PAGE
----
Professor Christopher Smith, Executive Chair, Arts and Humanities Research Council (AHRC)
For research to be at its best we need diverse experiences and diverse voices. Equality, diversity and inclusion are vital to create the collaborative and creative research environment we strive for, one that improves our understanding of ourselves and society, and supports positive action.
As the new Executive Chair of AHRC, I feel strongly that the arts and humanities have an important contribution to make to this effort. Arts and humanities offer some of the most exciting, rigorous and imaginative methods for engaging in dialogue and creating space to listen. Whether through the exploration of untapped archives, the curation of untold stories within our collections, facilitating new conversations, or the fostering of new talent, arts and humanities must be inclusive, not by exception but by necessity. Uncovering human stories and experiences that have not been given the attention that they deserve is vital, to ensure arts and humanities research is not only the best it can be, but that it benefits society as a whole. To achieve this, it is essential that we create a diverse and inclusive research community and landscape.
Across all areas of equality, diversity and inclusion, UKRI and its constituent councils have been working hard to identify issues and the ways that we may be perpetuating them – in terms of who we represent, who we invite to the table, who we partner with and fund. Evidence and engagement with communities and partners will help us to shape a dynamic, diverse and inclusive system of research and innovation in the UK that is an integral part of society, giving everyone the opportunity to participate and to benefit. Between June and September last summer, UKRI held four BLM Townhalls to engage in open and frank discussions about race within the organisation and to support further interventions that may be required for staff throughout the organisation. This model is something we want to rollout as a form of discursive engagement relating to a breadth of protected characteristics in the future, to have open and challenging conversations about all forms of discrimination and inequality.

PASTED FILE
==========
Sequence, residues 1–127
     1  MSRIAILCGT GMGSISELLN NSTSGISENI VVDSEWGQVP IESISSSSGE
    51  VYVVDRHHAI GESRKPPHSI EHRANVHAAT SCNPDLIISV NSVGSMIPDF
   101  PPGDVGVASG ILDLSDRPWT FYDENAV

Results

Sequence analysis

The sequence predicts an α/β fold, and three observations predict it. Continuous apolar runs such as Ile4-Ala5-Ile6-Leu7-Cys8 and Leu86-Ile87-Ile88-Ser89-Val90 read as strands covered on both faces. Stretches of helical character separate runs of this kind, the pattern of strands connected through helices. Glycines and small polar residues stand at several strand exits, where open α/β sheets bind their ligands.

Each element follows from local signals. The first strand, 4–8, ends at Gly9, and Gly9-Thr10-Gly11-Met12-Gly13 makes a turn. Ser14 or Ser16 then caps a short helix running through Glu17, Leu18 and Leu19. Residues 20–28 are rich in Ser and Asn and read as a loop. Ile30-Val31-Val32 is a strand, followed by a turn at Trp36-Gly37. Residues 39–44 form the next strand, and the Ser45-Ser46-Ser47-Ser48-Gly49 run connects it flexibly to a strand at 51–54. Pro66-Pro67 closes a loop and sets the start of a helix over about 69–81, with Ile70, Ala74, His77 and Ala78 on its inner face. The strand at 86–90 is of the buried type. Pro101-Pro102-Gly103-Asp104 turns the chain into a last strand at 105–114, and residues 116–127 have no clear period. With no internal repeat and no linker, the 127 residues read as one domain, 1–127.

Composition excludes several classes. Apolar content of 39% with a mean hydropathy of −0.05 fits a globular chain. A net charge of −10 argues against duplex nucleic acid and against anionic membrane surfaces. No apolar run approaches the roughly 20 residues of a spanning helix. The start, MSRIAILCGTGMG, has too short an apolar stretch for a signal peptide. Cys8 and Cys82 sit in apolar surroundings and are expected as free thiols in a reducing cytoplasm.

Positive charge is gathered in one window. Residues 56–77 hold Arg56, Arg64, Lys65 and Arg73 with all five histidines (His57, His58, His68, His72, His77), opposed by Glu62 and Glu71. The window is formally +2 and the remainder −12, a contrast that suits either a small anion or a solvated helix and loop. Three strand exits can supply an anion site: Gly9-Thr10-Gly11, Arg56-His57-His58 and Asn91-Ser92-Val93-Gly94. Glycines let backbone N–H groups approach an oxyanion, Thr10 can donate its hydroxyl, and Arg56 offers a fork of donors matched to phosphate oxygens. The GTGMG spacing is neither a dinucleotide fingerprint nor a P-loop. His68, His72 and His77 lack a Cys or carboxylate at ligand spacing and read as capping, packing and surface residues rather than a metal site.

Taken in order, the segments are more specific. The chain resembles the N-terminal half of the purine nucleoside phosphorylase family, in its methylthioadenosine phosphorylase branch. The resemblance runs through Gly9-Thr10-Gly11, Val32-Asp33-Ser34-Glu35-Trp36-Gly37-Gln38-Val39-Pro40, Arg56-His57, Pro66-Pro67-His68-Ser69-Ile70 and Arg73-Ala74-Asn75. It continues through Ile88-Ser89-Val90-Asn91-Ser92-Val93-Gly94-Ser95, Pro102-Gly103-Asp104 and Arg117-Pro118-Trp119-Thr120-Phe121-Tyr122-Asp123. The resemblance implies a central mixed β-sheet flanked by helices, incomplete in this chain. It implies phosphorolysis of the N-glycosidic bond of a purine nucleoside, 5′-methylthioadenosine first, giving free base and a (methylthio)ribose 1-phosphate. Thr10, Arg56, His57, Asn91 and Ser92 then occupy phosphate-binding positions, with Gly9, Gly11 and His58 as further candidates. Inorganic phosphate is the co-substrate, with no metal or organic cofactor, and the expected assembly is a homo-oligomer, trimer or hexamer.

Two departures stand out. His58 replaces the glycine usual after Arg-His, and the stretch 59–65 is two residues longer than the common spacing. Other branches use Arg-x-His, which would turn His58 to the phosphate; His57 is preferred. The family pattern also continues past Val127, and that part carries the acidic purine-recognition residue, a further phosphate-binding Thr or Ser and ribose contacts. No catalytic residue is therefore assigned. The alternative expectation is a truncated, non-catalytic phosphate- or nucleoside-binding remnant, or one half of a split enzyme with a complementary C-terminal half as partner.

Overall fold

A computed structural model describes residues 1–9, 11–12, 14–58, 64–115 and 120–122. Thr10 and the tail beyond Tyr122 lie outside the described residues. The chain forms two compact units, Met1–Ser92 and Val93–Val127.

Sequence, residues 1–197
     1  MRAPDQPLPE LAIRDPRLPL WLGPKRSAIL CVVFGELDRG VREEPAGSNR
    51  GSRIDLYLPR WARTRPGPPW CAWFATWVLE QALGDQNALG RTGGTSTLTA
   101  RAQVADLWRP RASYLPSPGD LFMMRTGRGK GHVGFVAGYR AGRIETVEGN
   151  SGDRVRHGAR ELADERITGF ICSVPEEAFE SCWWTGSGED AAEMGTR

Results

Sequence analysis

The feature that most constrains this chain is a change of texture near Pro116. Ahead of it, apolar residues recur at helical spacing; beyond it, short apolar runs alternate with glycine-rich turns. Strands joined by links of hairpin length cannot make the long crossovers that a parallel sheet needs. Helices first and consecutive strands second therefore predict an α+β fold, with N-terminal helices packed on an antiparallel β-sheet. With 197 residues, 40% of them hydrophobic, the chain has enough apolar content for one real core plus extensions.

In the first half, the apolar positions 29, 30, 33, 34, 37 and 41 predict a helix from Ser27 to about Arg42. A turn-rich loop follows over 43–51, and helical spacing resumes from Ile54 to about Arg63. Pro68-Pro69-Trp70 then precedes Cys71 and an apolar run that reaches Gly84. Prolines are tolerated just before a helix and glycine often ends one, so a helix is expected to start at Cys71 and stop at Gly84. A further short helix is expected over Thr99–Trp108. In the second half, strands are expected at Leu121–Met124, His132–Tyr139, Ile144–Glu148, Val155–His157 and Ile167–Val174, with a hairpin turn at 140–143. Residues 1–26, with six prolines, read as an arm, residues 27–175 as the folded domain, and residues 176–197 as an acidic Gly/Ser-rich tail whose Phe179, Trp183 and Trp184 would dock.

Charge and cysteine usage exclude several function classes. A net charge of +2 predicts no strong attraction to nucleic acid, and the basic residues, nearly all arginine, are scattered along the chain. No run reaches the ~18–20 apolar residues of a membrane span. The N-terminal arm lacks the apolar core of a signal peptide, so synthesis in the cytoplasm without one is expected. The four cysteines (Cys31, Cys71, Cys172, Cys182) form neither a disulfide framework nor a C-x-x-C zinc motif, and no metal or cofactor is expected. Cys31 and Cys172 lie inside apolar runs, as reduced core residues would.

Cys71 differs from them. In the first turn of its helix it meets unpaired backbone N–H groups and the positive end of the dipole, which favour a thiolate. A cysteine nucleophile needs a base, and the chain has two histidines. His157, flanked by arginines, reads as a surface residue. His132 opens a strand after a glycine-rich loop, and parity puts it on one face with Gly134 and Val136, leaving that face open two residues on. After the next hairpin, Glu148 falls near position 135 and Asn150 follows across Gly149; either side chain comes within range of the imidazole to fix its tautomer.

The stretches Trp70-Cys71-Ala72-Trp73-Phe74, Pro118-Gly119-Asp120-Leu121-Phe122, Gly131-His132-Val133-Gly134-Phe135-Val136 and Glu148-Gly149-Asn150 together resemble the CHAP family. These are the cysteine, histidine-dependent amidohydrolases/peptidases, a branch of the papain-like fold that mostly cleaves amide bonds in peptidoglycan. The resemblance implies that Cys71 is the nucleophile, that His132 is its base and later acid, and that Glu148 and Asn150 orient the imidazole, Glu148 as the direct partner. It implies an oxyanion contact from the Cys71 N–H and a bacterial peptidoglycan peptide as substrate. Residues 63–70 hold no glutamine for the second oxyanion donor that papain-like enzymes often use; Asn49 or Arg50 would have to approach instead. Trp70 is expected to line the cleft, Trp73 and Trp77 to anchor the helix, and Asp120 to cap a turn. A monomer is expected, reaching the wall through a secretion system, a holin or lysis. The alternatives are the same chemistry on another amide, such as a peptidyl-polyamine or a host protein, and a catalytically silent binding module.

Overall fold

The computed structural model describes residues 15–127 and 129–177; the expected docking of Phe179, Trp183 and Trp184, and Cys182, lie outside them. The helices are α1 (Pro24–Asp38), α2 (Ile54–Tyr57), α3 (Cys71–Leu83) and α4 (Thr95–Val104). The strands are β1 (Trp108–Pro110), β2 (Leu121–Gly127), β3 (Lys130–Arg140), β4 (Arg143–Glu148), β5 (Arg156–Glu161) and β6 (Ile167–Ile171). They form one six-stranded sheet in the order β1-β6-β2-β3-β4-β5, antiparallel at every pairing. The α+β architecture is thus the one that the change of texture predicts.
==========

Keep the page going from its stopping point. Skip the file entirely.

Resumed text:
Making our data on applications and awards publicly available is an important step towards understanding where and how inequalities arise and help us to monitor the effects of interventions introduced to address them. UKRI and its councils have published diversity data and detailed ethnicity data which highlight persistent inequalities for under-represented groups in applying for and winning research funding. We are fully committed to addressing these.
Building on the work done being done across our sector, UKRI and by former AHRC Executive Chair, Professor Andrew Thompson, I am determined to work with colleagues across the organisation and our wider community, to ensure EDI is embedded at all levels of AHRC and is actively promoted throughout the research that we fund and support.
That’s why, today, the Arts and Humanities Research Council (AHRC) has published its action plan as part of our commitment to equality of opportunity, diversity, and inclusivity. In the context of our long-term commitment for EDI, our action plan outlines several pressing issues that need to be addressed as a matter of priority. These are:
- Further diversifying AHRC’s peer-review college and decision-making structures to more accurately reflect the diversity of UK society.
- Understanding and addressing the lack of representation of Black and Minority Ethnic researchers and researchers with disabilities in our award holders and across our doctoral funding schemes.
- Acknowledging that many EDI issues are systemic and not specific to arts and humanities research, we commit to working more closely with Central UKRI EDI teams and other Research Councils on the wider structural EDI challenges faced by researchers, students and institutions.
- Diversifying the AHRC itself as an employer at all levels.
This is not intended to be a definitive plan or one-off moment, but instead a process of continuous analysis and transformation. Today is one step along a long journey that we, like all organisations, need to travel. We hope you will take the time to read our action plan and feedback your thoughts as we evolve and shape a future where equality, diversity and inclusion is embedded in all that we do. We have not done enough; and there is no point at which we can say we will have done enough. We need to lead the transformation demanded to create a global and diverse Britain, and be transformed ourselves.
For more information on AHRC’s Statement and Action Plan please visit our website: Equality, diversity and inclusion – Arts and Humanities Research Council (ukri.org)
To share your thoughts on the statement and action plan please contact email@example.com